A conversation with Bob CorwinBy Jerry Siebenmark
The Wichita Eagle
Until 2008, Bob Corwin had never lived or worked far from home.
Born and raised in the Portland, Ore., suburb of Beaverton, the Meritrust Credit Union CEO attended Portland State University for his bachelor’s degree in business and went to work for Tektronix Credit Union after he graduated in 1977.
Corwin, 58, stayed at the credit union, later renamed First Tech, until he was hired to be Meritrust’s top executive in late 2008.
“I lived within a five-mile radius of where I was born until I moved here,” said Corwin, who worked his way from a teller to chief operating officer of the then $1.9 billion, 16-branch credit union.
At Meritrust, Corwin oversees an $820 million, 14-branch credit union with 230 employees. It is the largest credit union chartered in Kansas.
Corwin is married to Patti, and they have three sons who range in age from 29 to 32.
How did it come to be that your life’s work has been spent almost exclusively in credit unions?
I got married right out of high school, and I worked in a restaurant throughout college, and I got to know the CEO – they were called general managers at time – of Tektronix Credit Union. He asked me to come over and interview when I graduated. It was only going to be a job that I would take until I decided what I really wanted to do. Thirty-three years later, I am still here. It was a credit union associated with the high-tech industry, which was just beginning to flourish. As the industry grew, we were able to grow along with it. Tektronix, they were the major competitor to Hewlett-Packard at the time, for test and measurement equipment. They were up until about 1995. (Tektronix Credit Union) then expanded its field of membership to serve other high-tech companies that were moving into Portland. It eventually expanded up to Seattle and served Microsoft.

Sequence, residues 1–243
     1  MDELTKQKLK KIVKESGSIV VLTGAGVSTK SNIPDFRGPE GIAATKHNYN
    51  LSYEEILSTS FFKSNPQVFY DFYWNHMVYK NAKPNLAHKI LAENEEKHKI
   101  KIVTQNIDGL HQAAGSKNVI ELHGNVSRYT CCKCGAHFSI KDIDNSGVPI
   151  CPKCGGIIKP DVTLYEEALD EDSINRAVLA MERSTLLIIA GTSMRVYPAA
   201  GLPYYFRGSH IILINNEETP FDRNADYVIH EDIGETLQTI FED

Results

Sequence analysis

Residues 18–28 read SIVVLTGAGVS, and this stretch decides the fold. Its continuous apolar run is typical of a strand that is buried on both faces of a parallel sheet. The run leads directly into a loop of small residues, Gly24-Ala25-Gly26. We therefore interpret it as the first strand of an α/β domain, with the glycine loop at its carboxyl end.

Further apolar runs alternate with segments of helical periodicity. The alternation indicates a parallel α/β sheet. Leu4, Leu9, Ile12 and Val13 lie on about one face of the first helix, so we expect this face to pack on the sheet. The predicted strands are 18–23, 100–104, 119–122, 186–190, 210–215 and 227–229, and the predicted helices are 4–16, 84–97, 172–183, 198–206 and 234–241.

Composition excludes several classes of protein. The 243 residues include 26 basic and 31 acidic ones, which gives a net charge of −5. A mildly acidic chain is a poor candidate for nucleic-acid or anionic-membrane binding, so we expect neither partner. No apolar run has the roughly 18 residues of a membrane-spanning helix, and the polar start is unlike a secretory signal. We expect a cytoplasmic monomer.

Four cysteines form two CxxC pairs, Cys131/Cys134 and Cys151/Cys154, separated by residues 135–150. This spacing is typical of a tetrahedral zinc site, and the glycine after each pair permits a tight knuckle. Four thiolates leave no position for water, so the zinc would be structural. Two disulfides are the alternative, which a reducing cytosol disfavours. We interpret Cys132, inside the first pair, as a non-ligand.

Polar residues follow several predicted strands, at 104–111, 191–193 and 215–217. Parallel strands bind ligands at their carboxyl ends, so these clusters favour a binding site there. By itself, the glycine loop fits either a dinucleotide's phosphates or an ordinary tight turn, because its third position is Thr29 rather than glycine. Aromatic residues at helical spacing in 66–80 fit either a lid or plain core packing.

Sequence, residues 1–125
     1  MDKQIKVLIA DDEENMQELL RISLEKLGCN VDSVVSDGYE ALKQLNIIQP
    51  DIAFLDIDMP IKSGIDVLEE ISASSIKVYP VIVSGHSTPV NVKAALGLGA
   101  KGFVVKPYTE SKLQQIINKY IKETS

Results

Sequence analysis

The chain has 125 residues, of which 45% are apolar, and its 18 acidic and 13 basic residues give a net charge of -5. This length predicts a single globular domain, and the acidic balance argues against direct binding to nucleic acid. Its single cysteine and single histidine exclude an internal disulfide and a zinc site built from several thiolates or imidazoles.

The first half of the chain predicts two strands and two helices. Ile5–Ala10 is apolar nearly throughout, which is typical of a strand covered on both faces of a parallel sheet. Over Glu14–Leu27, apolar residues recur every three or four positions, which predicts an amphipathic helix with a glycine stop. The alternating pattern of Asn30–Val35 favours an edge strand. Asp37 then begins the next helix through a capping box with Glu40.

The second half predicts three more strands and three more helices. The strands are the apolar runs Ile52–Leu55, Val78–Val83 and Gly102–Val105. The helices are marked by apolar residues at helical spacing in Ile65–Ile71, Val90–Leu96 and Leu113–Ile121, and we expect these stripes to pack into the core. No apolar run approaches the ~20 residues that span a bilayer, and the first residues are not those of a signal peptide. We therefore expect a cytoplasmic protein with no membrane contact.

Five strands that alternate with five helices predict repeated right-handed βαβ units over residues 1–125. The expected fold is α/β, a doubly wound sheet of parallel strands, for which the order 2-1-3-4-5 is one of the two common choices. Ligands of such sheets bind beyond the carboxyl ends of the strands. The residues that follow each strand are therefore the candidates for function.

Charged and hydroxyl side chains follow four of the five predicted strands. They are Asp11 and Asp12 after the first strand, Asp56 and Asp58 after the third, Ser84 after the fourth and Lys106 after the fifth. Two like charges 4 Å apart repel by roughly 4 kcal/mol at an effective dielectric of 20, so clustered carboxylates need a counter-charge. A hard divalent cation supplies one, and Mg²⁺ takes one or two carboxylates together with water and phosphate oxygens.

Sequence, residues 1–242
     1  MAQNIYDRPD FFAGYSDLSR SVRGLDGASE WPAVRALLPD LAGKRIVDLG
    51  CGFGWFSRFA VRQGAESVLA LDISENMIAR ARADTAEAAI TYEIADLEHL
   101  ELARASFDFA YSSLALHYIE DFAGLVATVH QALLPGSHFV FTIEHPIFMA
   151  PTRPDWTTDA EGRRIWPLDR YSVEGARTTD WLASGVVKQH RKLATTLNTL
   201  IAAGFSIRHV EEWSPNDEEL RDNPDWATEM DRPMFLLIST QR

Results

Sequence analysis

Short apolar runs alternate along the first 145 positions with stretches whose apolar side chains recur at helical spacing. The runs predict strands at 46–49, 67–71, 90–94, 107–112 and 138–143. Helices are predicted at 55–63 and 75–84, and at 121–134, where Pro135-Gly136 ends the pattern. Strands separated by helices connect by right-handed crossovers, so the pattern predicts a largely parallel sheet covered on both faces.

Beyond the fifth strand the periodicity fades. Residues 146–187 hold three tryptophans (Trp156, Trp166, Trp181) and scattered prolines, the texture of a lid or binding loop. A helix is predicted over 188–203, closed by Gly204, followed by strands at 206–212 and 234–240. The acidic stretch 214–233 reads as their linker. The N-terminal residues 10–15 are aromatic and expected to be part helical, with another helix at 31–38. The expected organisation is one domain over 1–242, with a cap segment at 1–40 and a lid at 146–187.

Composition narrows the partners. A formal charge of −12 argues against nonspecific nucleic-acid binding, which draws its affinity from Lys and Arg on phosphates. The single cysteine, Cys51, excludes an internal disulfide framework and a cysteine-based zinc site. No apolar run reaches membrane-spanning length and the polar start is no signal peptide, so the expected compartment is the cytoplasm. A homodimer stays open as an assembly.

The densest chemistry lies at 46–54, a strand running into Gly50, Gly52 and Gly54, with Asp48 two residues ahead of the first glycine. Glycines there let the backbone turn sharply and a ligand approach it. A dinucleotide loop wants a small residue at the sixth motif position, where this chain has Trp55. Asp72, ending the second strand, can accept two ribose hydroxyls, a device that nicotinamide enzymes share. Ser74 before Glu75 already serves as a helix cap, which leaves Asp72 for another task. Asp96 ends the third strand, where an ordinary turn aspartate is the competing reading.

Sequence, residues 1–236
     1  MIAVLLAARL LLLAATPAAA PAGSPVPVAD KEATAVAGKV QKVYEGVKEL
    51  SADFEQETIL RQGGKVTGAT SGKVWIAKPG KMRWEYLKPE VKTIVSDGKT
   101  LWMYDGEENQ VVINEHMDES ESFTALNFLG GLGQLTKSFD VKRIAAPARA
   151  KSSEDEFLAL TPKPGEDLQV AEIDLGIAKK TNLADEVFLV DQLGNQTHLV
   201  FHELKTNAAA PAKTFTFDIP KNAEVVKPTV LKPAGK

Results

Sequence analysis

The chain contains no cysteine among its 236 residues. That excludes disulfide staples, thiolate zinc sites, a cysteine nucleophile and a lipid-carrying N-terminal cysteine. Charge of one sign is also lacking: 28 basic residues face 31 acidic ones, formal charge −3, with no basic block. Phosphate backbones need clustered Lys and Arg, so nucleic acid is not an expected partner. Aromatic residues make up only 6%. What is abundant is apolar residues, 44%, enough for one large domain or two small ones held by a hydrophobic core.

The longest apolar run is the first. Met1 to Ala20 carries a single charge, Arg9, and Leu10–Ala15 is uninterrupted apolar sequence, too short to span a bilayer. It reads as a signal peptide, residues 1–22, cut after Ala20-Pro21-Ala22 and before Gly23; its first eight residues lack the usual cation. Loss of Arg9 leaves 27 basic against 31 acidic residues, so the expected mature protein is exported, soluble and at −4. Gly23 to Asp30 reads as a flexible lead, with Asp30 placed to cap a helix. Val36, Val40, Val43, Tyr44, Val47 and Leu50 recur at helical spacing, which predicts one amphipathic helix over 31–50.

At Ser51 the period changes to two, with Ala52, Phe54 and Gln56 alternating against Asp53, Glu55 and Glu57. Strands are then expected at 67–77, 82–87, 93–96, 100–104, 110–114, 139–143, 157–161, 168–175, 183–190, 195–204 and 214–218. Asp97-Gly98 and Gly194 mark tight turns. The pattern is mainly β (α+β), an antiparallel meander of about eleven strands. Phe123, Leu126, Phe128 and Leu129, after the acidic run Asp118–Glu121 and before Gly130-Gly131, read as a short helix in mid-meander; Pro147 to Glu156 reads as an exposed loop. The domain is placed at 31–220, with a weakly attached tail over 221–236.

What about the business keeps you engaged, interested?
I think for me the fact that I know every single day we are helping at least one member either achieve one financial dream or help at least one member facing a financial hurdle. That probably is the thing that today, I miss the most. I don’t deal as much directly with members in my position. You don’t get the satisfaction of helping them directly. But I do get a lot of indirect pleasure from helping them.
Did you ever consider taking a job outside the credit union industry?
No, because I felt like I got into this industry at a fortunate time. I was able to fulfill my need for challenge without having to go outside to another company.
What are some of the challenges of running a credit union today?
I think staying up with the rapidly changing expectations of the consumer. That’s probably primarily driven by new technologies and ways of accomplishing banking. And dealing with the increased complexity of the regulatory environment. We all (banks and credit unions) fall under the same umbrella as far as financial regulations are concerned.
What are some of the ways your business has changed during your career?
It’s almost beyond comprehension. When I started in the credit union we had three services: passbook savings, auto loans and small unsecured loans. As the financial industry became deregulated under (President) Reagan, we were able to start offering services such as checking accounts. To go from that environment to where we are today, it’s sometimes kind of hard for me to comprehend. People would actually call us when they needed to withdraw money from their savings. Being a teller at the time, I was typing in those checks so they could pick them up (and cash them at a bank).
What are your expectations for Meritrust in 2012, financially and growth wise?
I think we’re going to continue to have very steady growth. I know a lot of people look at metrics such as loans and deposits but our major goal … is creating awareness of our credit union so more people can take advantage of the services a credit union provides. So our goal is to grow membership, retail households.
What would be one piece of advice that you would give to a young person looking to become a credit union executive?
Maybe two, because I think to be successful in the credit union industry an individual needs to be motivated by and have a true desire to help others, maybe over personal gain. The other thing would be to never stop learning.
What is one thing most people don’t know about you?
When our kids were in junior high we took them out of school and made a trip around the United States in a little motor home and we took two months. The kids still talk about this even though they were pretty young.Reach Jerry Siebenmark at 316-268-6576 or email@example.com.
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